The once mighty city of Detroit has been brought to its knees in the largest municipal bankruptcy in US history. After decades of mismanagement and taxpayer flight, the city decided to call it quits and file for bankruptcy protection earlier this year. In a gesture of cooperativeness and solidarity that has characterized their conduct for many decades, the representatives of Detroit’s public employees’ unions have filed a lawsuit to prevent pension liabilities from being subject to restructuring during bankruptcy. Arguing that pension obligations are sacrosanct and should not be subject to restructuring, the unions that helped bankrupt the city are now preventing it from regaining solvency.
Luckily, in a surprise move earlier this week, Judge Steven Rhodes ruled that pensions could be cut in a restructuring. While the lawyers for the unions appealed the decision within minutes of the ruling, Judge Steven’s decision should be a wake-up call to cities and unions across the nation. Cities need to address their unfunded obligations now or risk the possibility of deep cuts later.
The restructuring of Detroit’s debts will go on for another year, and the litigation surrounding pension liabilities is likely to go all the way to the Supreme Court, but it is now clear that the rules of the game for pension obligations have changed.
Detroit’s is the largest municipal bankruptcy in US history, and it will be closely watched by other cities currently facing their own financial distress. If Detroit manages to use the bankruptcy process to reduce its pension obligations and cut its debts, taxpayers should rejoice as more of their money will go towards paying for services instead of servicing past promises.
Should the restructuring succeed in reducing spending, debt and taxes, money may once again walk back to Detroit, instead of fleeing as it has for decades.
Ever since winning the presidential election last year, French Socialist President Francois Hollande has been working tirelessly to raise taxes on just about everything. Since taking office, Mr. Holland has proposed a 75% “supertax” on the rich, new taxes on cars, and higher taxes on capital gains (over 60%): a total of 84 new tax measures and counting. It’s therefore not surprising that many of those targeted by these new taxes have packed up their bags and left. As a result of these wealthy taxpayers leaving, hundreds of high-end properties have flooded the Paris real estate market, causing a mini property crash.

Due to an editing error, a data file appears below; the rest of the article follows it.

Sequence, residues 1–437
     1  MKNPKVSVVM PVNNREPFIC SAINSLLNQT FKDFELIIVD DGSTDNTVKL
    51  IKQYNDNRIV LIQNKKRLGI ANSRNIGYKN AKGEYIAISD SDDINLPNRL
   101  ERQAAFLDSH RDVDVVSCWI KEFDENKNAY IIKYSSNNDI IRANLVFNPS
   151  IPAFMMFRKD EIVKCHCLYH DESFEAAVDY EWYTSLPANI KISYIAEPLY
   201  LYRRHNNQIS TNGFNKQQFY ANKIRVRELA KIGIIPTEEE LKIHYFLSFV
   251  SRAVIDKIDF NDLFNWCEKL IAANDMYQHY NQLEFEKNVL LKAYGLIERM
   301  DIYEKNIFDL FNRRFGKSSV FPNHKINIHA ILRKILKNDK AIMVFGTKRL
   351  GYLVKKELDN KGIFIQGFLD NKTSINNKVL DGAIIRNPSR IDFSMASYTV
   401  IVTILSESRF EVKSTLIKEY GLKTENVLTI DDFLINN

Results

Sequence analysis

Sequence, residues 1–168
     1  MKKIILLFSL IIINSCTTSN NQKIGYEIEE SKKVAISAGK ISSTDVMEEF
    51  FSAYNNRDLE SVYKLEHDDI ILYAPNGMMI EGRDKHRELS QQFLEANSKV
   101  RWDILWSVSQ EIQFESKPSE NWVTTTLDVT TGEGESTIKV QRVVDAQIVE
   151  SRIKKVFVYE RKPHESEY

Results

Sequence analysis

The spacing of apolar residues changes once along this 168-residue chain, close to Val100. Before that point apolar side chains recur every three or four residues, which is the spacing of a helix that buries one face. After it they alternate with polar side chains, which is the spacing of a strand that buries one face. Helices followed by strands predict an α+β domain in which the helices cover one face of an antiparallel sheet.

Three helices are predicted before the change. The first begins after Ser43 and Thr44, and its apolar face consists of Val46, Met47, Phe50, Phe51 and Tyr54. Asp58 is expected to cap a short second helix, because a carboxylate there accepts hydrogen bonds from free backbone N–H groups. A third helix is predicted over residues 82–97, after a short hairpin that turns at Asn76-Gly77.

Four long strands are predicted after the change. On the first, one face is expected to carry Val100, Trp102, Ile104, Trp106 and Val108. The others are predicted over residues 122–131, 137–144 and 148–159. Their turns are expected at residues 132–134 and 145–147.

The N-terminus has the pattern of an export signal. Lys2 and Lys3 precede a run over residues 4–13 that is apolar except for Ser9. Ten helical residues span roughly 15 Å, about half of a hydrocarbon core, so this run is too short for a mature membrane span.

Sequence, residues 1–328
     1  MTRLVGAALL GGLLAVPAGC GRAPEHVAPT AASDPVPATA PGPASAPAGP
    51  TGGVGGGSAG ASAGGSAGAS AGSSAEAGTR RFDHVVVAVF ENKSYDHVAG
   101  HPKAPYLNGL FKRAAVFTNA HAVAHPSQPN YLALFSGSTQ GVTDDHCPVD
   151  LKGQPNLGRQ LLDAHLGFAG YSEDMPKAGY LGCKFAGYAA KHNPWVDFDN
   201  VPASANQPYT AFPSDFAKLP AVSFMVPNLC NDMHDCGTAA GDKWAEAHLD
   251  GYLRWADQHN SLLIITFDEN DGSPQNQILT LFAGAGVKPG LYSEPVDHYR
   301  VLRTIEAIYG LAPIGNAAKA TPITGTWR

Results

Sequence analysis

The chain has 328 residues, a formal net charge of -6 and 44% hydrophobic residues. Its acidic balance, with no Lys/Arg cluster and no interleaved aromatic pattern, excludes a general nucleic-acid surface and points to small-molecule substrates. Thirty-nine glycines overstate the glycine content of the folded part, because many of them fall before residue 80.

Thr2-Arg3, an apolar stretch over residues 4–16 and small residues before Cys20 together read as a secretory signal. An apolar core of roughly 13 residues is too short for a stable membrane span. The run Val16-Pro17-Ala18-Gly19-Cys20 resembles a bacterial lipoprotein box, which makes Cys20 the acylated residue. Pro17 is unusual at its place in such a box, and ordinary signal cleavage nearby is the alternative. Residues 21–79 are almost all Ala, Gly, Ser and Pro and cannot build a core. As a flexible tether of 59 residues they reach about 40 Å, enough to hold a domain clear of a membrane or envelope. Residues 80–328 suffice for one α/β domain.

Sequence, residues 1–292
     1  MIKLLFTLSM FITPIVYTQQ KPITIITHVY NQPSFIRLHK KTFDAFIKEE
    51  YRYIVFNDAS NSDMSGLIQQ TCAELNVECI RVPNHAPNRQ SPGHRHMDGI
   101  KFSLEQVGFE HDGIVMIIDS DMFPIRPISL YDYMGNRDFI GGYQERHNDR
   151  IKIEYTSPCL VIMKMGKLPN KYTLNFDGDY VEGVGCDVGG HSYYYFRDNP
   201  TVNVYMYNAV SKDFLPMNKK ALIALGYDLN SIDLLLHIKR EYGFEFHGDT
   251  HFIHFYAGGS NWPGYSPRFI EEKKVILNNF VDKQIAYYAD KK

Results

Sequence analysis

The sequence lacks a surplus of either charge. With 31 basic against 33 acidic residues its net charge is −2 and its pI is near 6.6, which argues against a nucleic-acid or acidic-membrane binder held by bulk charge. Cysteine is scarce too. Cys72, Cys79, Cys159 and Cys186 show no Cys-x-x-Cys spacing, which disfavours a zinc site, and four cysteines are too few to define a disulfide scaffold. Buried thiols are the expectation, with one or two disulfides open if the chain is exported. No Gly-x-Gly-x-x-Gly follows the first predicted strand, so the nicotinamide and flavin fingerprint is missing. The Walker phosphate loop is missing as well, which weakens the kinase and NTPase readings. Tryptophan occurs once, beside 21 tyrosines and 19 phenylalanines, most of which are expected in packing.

What’s more, a recent poll by the left-leaning newspaper Le Monde shows just how widespread the discontent is with Mr. Hollande’s government. More than 70% of the French feel taxes are too high and the president’s policies proving to be misguided and ineffective. After several decades of living in one of the most redistributive systems in the world, the French are calling it quits. At over 57%, France’s public government expenditures – as a share of GDP – are forecast to overtake Denmark’s as the highest in the world next year. Like a hamster spinning aimlessly in a wheel, the French government needs more and more taxes to pay for the ever-increasing government spending.
With nearly a quarter of the French workforce now employed by the government or some form of government entity, the workforce has become “two-speed”. Those in the public sector are largely protected against layoffs while the rest struggle with record-high unemployment in the private sector. With the unemployment rate continuing to sky rocket, the socialist government is now talking about creating more public jobs for the unemployed. With so many in France now working for the government and a president determined to uphold the status quo, it stands to reason that those who can will
Nov. 7 (Bloomberg) — Travis H. Brown, author of “How Money Walks,” discusses why the super rich are moving out of New York with Trish Regan and Matt Miller on Bloomberg Television’s “Street Smart.” (Source: Bloomberg)
IRS Data has now become interactive and fun. Travis H Brown, author of ‘How Money Walks’ shows Simon Constable his new touch screen application which charts the effects of income tax on population growth and revenue in all fifty states.